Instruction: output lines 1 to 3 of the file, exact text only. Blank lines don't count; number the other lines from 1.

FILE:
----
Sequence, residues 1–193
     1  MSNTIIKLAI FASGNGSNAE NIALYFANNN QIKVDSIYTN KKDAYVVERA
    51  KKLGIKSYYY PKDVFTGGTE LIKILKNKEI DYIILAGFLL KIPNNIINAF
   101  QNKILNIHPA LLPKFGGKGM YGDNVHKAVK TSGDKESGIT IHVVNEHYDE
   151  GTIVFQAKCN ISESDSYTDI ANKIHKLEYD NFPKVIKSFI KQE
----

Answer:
Sequence, residues 1–193
     1  MSNTIIKLAI FASGNGSNAE NIALYFANNN QIKVDSIYTN KKDAYVVERA
    51  KKLGIKSYYY PKDVFTGGTE LIKILKNKEI DYIILAGFLL KIPNNIINAF